We pride ourselves on always looking forward, developing technologies that power some of the most innovative products on the market. This is why we pursue strategic partnerships with like-minded companies that also work to keep pushing the tech industry forward, all in the service of building a more connected future.
Enter Energous, the company behind the award-winning WattUp wire-free charging platform that utilizes our SoCs for Bluetooth® low energy connectivity and power management. WattUp is taking wireless charging to new heights by helping to create a permanent solution to the inherent battery “problem” that exists within any cord-free technology. By creating a charging station that only requires proximity, not contact, to effectively juice-up a device’s battery, a dead or dying phone or tablet may no longer be a common scenario for tomorrow’s consumers.
Gordon Bell, Energous’ Vice President of Marketing, took some time to explain how Dialog and Energous will be partnering for an almost completely unwired future. In this first post in a series of Q&As with Bell, we’ll take a deep dive into what exactly “Wireless Charging 2.0” means and how this partnership is helping bring it to fruition:
In your view, what does "wireless charging 2.0" mean and how did we get here?
Wireless Charging 2.0 is the new term for in-the-air charging or charging at-a-distance with mobility, which was born out of a market need for improved charging flexibility. The freedom you get from wireless charging 2.0 vs 1.0 is similar to the differences between Wi-Fi and Ethernet.
Being able to roam around and not worry about plugging in or having to leave your device in a specific area to charge is the huge advancement that consumers have been waiting for.
How does it compare with the previous model?
Wireless 1.0 would be the older, pad-based technologies which we first saw with electric toothbrushes and electric razors. That technology still requires you to drop your device onto a stationary pad and leave it there to charge, which really isn’t much different than placing that device in that same spot and just plugging it into the wall.
As a society, we have become much more reliant on personal and mobile electronics as we all carry a smartphone with us and many of us use fitness bands and other wearables. We already have hundreds of battery-powered devices in our homes and that number is expected to rise exponentially as large numbers of IoT devices, wearables and hearables come to the market with great new features and exciting capabilities.
With WattUp®, users will finally be able to continue using their battery powered gadgets while they charge or maintain battery level. That’s what wireless charging 2.0 really means to consumers.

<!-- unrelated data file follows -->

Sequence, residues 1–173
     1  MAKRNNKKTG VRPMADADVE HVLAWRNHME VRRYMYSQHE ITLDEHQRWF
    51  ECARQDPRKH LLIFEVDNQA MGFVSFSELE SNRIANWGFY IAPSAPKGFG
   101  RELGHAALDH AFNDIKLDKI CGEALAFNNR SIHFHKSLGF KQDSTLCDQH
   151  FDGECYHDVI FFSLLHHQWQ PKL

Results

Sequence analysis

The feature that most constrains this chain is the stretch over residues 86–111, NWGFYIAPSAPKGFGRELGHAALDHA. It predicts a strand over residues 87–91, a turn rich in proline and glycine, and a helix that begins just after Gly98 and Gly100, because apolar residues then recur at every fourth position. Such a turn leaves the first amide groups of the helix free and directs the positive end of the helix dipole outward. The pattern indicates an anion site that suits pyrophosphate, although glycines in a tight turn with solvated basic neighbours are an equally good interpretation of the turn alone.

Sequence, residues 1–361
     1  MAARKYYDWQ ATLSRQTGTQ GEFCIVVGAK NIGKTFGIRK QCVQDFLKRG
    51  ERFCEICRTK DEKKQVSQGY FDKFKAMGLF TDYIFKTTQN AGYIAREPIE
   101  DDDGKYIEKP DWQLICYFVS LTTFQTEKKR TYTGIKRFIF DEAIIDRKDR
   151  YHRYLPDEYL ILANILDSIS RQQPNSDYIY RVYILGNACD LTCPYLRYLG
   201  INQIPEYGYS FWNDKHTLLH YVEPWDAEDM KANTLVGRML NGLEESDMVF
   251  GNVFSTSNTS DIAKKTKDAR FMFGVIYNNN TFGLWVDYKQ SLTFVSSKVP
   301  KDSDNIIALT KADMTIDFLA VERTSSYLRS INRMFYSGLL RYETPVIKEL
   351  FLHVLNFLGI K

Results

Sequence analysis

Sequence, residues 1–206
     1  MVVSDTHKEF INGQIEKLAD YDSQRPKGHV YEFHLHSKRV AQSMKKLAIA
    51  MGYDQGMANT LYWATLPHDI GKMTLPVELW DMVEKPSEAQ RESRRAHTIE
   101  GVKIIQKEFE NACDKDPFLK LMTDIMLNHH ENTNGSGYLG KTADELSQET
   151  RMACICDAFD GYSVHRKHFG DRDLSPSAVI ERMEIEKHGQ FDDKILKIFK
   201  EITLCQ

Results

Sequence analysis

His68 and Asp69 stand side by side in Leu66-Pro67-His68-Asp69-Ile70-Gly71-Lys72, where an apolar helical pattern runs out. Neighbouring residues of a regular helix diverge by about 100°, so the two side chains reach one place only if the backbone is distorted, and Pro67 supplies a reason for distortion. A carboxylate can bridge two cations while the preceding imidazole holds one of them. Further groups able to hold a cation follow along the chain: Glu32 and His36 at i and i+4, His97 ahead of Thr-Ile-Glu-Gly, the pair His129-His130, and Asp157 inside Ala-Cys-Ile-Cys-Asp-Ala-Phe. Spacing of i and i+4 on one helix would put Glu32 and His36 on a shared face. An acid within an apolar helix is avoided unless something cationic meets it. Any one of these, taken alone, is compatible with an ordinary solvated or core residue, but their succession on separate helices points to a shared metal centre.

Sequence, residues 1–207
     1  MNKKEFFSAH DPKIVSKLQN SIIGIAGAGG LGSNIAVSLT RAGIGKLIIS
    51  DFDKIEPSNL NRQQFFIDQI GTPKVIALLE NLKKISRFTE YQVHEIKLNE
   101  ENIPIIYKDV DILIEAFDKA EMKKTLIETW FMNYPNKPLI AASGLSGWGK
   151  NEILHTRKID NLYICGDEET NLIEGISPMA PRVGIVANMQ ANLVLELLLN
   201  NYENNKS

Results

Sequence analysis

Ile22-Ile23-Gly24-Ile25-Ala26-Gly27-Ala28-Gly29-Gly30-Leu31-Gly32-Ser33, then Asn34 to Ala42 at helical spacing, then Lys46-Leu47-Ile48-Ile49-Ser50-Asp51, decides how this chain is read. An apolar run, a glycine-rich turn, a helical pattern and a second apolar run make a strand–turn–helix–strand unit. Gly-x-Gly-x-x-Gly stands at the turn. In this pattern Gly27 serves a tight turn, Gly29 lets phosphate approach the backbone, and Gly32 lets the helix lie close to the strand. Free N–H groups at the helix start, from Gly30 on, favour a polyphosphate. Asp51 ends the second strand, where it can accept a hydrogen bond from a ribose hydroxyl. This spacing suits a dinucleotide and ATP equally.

Are battery and charging technologies meeting the needs of these devices?
All of these devices have an inherent “problem” as a battery will either need to be charged or replaced on a regular basis. Product designers are left with the conundrum of designing their product with a really big, heavy and expensive battery or requiring the user to constantly recharge or replace the battery in their product.
As new features and capabilities are added, those battery pain points are magnified, further compounding the issue. This is why we see an overwhelming interest in a better solution that alleviates the frustration of constant battery charging or replacement.
I understand the first WattUp products to hit the shelves will likely utilize Near Field wireless charging, how does that differ from the more established coil-based wireless charging solutions?
Near Field provides WattUp wireless charging over a few millimeters, which really means placing the device to be charged on the surface of the transmitter when you consider energy need to pass through the body of both the transmitter and receiver devices. So at face value, there would appear to be no difference between this and the coil-based charging mats available today.
The big difference however comes when you move away from coils and move to a Radio or RF-based antennas system. Here the antennas can be realized using simple tracking on the same printed circuit board as the rest of the device. This not only reduces the cost impact of adding wireless charging to a device, it also enables much smaller receivers. For example, we currently have antenna designs measuring just 2x3mm. At that size, wireless charging becomes feasible in products such as hearing aids. Furthermore, because it uses radio waves, the Near Field transmitter pad can charge multiple devices with complete freedom of placement and orientation of devices on the surface.
Stay tuned for more insights from Gordon Bell in the coming weeks as we take a deeper dive into the underlying technology that goes into creating WattUp, as well as the collaborative work Dialog and Energous are planning to undertake in the coming year.